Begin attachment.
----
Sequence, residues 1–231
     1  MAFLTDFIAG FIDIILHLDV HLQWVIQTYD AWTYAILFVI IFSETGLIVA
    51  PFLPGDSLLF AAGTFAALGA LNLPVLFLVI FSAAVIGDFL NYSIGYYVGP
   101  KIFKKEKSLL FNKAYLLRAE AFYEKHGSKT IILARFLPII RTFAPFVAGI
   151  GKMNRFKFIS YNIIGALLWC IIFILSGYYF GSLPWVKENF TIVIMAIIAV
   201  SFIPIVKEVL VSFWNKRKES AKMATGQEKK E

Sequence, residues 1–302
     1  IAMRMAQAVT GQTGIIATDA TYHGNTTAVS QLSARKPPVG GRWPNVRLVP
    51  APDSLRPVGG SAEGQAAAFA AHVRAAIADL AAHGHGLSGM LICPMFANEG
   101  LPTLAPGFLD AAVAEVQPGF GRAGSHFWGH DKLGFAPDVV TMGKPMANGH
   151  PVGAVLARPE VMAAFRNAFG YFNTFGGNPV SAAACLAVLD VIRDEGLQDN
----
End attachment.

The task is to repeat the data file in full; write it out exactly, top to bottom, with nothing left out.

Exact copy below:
Sequence, residues 1–231
     1  MAFLTDFIAG FIDIILHLDV HLQWVIQTYD AWTYAILFVI IFSETGLIVA
    51  PFLPGDSLLF AAGTFAALGA LNLPVLFLVI FSAAVIGDFL NYSIGYYVGP
   101  KIFKKEKSLL FNKAYLLRAE AFYEKHGSKT IILARFLPII RTFAPFVAGI
   151  GKMNRFKFIS YNIIGALLWC IIFILSGYYF GSLPWVKENF TIVIMAIIAV
   201  SFIPIVKEVL VSFWNKRKES AKMATGQEKK E

Sequence, residues 1–302
     1  IAMRMAQAVT GQTGIIATDA TYHGNTTAVS QLSARKPPVG GRWPNVRLVP
    51  APDSLRPVGG SAEGQAAAFA AHVRAAIADL AAHGHGLSGM LICPMFANEG
   101  LPTLAPGFLD AAVAEVQPGF GRAGSHFWGH DKLGFAPDVV TMGKPMANGH
   151  PVGAVLARPE VMAAFRNAFG YFNTFGGNPV SAAACLAVLD VIRDEGLQDN